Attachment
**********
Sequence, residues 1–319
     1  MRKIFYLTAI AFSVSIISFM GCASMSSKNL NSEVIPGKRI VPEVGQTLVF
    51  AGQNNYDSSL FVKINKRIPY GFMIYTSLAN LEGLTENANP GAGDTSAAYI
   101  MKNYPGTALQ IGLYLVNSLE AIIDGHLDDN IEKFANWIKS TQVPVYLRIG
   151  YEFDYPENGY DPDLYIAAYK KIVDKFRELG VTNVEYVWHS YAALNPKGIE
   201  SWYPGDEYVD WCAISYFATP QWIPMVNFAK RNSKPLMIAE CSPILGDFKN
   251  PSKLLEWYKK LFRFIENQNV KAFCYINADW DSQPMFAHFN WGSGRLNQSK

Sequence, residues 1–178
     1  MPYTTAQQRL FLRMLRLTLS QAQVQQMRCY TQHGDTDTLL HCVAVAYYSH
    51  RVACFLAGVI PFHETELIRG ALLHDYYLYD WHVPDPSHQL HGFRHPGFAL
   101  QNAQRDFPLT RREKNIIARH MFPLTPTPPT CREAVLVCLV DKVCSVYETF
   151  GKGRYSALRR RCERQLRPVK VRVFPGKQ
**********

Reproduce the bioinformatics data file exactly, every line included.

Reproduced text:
Sequence, residues 1–319
     1  MRKIFYLTAI AFSVSIISFM GCASMSSKNL NSEVIPGKRI VPEVGQTLVF
    51  AGQNNYDSSL FVKINKRIPY GFMIYTSLAN LEGLTENANP GAGDTSAAYI
   101  MKNYPGTALQ IGLYLVNSLE AIIDGHLDDN IEKFANWIKS TQVPVYLRIG
   151  YEFDYPENGY DPDLYIAAYK KIVDKFRELG VTNVEYVWHS YAALNPKGIE
   201  SWYPGDEYVD WCAISYFATP QWIPMVNFAK RNSKPLMIAE CSPILGDFKN
   251  PSKLLEWYKK LFRFIENQNV KAFCYINADW DSQPMFAHFN WGSGRLNQSK

Sequence, residues 1–178
     1  MPYTTAQQRL FLRMLRLTLS QAQVQQMRCY TQHGDTDTLL HCVAVAYYSH
    51  RVACFLAGVI PFHETELIRG ALLHDYYLYD WHVPDPSHQL HGFRHPGFAL
   101  QNAQRDFPLT RREKNIIARH MFPLTPTPPT CREAVLVCLV DKVCSVYETF
   151  GKGRYSALRR RCERQLRPVK VRVFPGKQ